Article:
“True” CSR: PepsiCo and the Human Right to Water
The term “corporate social responsibility” has come to mean a host of corporate actions that confuse any efforts at definitional consistency. What is CSR? Who does it benefit? And why should companies engage in it?
The following case study focuses on what I term “true” CSR. True CSR focuses on doing good for those who are affected by acorporation’s actual line of business. “True” CSR looks at legal rights, including human rights, and builds policies and practices that enhance them. “True” CSR moves beyond marketing and constitutes corporate activity evidencing a concern for more than the bottom line.
Earlier this year, the Pepsi Refresh Project was launched. The Refresh Project harnesses social media tools to empower communities to support projects that benefit social and environmental causes. By supporting organizations with cash donations, PepsiCo can be said to be exhibiting corporate social responsibility, but all with an aim outside its own operations. The value to communities and projects that benefited from the Refresh Project is undisputed. Further, the recognition of PepsiCo as a corporate leader in this space is not questioned. However, the Pepsi Refresh Project is not “true” CSR. For all the media attention gained by its efforts, the Refresh Challenge in no way affects the human rights issues at the core of PepsiCo’s actual line of business.
As a user of tens of billions of gallons of water in its food and beverage operations globally, including in many nations facing water shortages, PepsiCo has recently adopted a water policy dedicated to fulfilling the human right to water as defined by the United Nations. This water policy is exactly the outcome that stakeholders should be heralding and seeking to encourage. This water policy is “true” CSR.
The policy has already achieved significant outcomes. In India, PepsiCo’s manufacturing team has reduced its water use by more than 45% since 2005, conserving more than three billion liters and in 2009 achieving a positive water balance–that is, giving back more water than its facilities consumed. PepsiCo also partners with non-governmental organizations to help install irrigation systems, improve sanitation programs and recharge dry wells in developing communities around the world. Since 2005, the PepsiCo Foundation has committed more than $15 million to initiatives that provide access to safe water and sanitation to communities in developing countries.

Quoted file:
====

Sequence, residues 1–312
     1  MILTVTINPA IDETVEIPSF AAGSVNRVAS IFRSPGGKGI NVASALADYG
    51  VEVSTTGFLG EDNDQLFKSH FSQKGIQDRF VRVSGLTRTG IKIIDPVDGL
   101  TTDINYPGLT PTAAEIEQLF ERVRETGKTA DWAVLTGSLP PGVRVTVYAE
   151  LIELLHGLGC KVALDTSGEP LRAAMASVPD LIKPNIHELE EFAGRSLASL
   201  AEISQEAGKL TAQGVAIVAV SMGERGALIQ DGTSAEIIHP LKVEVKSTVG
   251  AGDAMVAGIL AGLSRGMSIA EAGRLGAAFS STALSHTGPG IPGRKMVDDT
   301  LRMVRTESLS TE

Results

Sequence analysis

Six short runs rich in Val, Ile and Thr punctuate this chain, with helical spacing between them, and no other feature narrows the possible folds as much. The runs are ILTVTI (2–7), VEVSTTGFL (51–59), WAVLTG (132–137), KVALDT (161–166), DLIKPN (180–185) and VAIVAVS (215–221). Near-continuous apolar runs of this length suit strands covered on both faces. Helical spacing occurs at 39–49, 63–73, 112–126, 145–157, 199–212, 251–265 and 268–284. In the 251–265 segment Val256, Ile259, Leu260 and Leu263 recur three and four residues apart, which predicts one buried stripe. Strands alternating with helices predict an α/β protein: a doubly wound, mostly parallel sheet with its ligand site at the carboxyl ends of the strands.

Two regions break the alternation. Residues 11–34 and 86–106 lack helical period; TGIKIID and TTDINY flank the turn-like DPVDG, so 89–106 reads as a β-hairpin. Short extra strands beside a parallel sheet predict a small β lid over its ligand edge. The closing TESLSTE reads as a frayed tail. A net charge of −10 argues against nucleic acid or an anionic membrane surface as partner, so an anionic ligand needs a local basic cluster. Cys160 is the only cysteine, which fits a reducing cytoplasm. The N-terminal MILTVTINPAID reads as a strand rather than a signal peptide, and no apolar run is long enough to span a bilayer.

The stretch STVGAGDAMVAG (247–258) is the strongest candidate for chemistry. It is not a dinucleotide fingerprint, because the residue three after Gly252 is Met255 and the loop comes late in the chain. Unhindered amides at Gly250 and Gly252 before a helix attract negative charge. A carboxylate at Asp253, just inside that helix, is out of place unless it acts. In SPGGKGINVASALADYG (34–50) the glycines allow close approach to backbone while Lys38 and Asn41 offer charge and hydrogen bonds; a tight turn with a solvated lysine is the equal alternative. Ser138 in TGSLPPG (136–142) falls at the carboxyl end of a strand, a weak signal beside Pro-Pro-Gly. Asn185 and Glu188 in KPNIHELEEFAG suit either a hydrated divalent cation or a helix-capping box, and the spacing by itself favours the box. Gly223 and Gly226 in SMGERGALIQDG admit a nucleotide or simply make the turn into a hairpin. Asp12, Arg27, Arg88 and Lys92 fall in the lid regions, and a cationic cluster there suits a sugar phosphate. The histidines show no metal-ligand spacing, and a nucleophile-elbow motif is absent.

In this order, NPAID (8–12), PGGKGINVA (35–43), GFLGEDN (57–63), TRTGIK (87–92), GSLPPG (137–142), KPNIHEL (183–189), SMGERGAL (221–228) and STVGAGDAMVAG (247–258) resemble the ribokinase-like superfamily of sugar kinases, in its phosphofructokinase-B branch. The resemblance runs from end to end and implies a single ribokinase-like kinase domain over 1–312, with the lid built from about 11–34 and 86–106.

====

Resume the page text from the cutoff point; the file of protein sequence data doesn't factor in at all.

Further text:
To be clear, PepsiCo is not beyond reproach. It has run into some problems with human rights in the past. From 1991 to 1997, Pepsi invested in Burma and incidentally supported the junta regime. Facing massive opposition, PepsiCo officially divested from Burma on May 31, 1997. The message here, however, is that PepsiCo’s recognition of the human right to water, and its commitment to ensuring that it sources water in ways that do not have a negative effect on local communities and ecosystems, is where the attention and media hype should be focused.
More than one year after PepsiCo adopted policies in support of the human right to water, the U.N. General Assembly formally recognized “the right to safe and clean drinking water and sanitation as a human right that is essential for the full enjoyment of life and all human rights.” PepsiCo was one step ahead of the curve.
The lesson: CSR needs to be refocused. While CSR tools like the Pepsi Refresh Project are certainly innovative and empowering, they must be paired with actual respect for human rights in business activities. Only then will the proper balance be reached in promoting a corporation’s commitment to social responsibility while ensuring that those affected by its activities benefit. Only then will “true” CSR be achieved.
To read more case studies on “true” CSR, click here.
- California’s Call to go “Conflict-Free”
April 7th, 2011
- Guiding Principles for Business and Human Rights from the United Nations
January 3rd, 2011
- President Obama Proclaims Human Rights Day, Bill of Rights Day and Human Rights Week
December 10th, 2010
- Ruggie Releases Draft Guiding Principles on Business and Human Rights
December 6th, 2010
- Promoting Corporate Citizenship by Crowdsourcing Market Power
November 29th, 2010
- Political Advertising and Corporate Responsibility: A Call for Shareholder Action
November 8th, 2010